Meet Me At Dawn

Zinnie Harris
Arcola Theatre in association with DOT Theatre
Arcola Theatre (Studio One)
to

At first, there is Marianne Oldham as Robyn asking questions then, you realise there is a figure on the ground. It is Helen (Jessica Hardwick) and Robyn is down there with her and they are shouting at each other too fast to be comprehensible in a mixture of relief and panic.

They are lesbian lovers, living together with a dog that really belongs to their next-door neighbour, who have hired a boat at the seaside. Way out from the shore, it has sunk and now, sea-drenched, they have been cast up on what looks like an island or maybe it’s just a sandbank.

Robyn talks of how wet Helen is, the sun is out so it can dry them, but for now they are more concerned about how they will get back home where the dog will be waiting.

They are a typical couple in that under pressure along with their concern they start apportioning blame to each other or elsewhere. Ring for help, says Helen, but the phone went down with the boat. Ask for our money back: the boat wasn’t fit for purpose. A woman comes by who doesn’t answer their questions. Was she real? Where are they? Things aren’t quite what they seemed to be.

Robyn sometimes seems to stand outside the action. She speaks of parallel worlds, but you begin to think that perhaps they are dead and in Limbo. In fact, Zinnie Harris says this play had its roots in wanting to adapt the Orpheus story, especially that moment when Orpheus looks back and loses her and Robyn, like Orpheus, is still living and wants Helen back and is allowed one more day with her, but in this strange place.

It becomes almost a meditation on loss and grieving and memory of what was, the drama being in the gradual realisation of the situation and its painful acceptance. There is theatrical fire in the intense performances of Oldham and Hardwick. They don’t have to play romantic or erotic for their loving relationship doesn’t need spelling out; what we see is their confusion and the pain and the struggle to accept loss.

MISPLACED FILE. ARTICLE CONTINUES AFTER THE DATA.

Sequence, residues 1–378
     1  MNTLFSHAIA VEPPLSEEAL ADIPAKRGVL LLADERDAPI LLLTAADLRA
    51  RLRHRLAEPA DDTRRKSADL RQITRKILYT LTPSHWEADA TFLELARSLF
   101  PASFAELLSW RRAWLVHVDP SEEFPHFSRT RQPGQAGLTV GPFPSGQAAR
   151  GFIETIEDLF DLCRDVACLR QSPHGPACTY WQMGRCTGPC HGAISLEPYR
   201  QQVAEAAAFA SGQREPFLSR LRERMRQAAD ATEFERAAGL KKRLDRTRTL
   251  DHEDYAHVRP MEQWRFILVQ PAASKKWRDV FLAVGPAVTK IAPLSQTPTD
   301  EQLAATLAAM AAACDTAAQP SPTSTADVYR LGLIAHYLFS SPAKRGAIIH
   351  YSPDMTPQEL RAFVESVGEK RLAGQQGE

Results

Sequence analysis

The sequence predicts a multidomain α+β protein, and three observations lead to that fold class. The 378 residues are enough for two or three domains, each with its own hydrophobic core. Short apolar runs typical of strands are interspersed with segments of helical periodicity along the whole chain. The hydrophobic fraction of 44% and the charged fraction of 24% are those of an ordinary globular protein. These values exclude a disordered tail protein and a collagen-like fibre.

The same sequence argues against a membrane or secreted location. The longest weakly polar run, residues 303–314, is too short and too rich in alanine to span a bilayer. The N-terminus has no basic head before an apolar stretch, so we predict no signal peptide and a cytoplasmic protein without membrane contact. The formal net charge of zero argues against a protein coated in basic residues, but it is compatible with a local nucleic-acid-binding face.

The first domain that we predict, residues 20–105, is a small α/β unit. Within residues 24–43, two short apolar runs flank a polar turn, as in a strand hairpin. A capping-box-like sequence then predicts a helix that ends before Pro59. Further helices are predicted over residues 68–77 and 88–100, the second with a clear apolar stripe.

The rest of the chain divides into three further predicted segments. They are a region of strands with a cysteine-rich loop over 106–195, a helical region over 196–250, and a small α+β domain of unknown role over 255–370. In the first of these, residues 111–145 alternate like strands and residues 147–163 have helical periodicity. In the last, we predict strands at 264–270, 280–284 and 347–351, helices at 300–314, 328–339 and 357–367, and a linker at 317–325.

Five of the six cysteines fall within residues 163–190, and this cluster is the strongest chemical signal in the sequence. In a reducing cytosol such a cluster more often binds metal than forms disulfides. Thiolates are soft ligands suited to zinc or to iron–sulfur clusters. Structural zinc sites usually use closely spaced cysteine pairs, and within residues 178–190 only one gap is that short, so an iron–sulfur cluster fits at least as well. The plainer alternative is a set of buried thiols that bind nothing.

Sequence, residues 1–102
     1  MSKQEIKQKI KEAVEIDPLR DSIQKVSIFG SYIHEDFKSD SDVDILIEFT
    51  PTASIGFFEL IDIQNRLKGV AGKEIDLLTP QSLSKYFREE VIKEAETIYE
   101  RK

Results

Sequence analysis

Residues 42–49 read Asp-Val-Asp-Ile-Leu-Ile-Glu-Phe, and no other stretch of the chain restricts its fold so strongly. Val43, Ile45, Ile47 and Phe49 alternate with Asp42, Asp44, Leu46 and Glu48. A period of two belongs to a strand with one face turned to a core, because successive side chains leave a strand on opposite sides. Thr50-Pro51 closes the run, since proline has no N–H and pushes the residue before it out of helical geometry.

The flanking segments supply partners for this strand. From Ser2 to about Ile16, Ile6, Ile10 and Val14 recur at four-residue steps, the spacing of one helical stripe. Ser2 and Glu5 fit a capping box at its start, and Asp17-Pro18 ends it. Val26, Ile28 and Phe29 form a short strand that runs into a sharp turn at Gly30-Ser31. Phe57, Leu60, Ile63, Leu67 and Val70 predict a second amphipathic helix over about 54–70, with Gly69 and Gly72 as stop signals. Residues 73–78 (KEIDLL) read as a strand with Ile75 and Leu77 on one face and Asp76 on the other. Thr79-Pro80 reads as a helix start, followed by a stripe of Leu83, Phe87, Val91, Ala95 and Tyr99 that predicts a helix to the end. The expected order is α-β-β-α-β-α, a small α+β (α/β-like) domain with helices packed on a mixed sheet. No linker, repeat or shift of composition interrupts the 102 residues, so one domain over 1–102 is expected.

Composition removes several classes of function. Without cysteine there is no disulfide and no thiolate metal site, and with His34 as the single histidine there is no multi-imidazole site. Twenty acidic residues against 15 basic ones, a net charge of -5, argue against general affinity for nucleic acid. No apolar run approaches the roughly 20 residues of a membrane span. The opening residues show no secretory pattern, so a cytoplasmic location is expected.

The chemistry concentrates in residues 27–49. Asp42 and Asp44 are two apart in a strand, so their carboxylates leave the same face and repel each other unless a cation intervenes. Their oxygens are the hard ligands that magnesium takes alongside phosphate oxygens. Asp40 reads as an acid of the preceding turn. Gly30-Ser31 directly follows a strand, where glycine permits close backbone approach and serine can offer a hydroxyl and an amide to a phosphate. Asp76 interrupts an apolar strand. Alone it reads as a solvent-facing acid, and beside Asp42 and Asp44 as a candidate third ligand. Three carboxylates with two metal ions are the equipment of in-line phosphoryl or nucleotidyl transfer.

Turkish director and designer Murat Daltaban stages it simply against a plain screen that changes colour under Cem Yilmazer’s lighting with just a metal table and chair providing anonymous higher surfaces and sometimes subtly underscored by Oguz Kaplangi and Chris Drohan’s soundscape. Some important moments are played at floor level, totally out of sight for some of the audience. I don’t expect every seat in the house to have a full view of the stage but why place actors or dancers (for I’ve seen this often in dance in fringe venues) where only the front row can see them?

Daltaban’s setting matches mood but gives no information. If at first the audience is left wondering where they are and what is going on, that is something they share with Robyn and Helen. They will probably be making accurate guesses well before the characters sort it out, even if they haven’t read the Orpheus link in the programme, though this isn’t a retelling of that story.

The two women are given a realistic relationship, the exploration of reactions to loss and of grieving and the element of conundrum make this an interesting evening played without interval. Surreal and sometimes funny, it doesn’t plumb depths but is carried along by its theatricality and two splendid performances.

Reviewer: Howard Loxton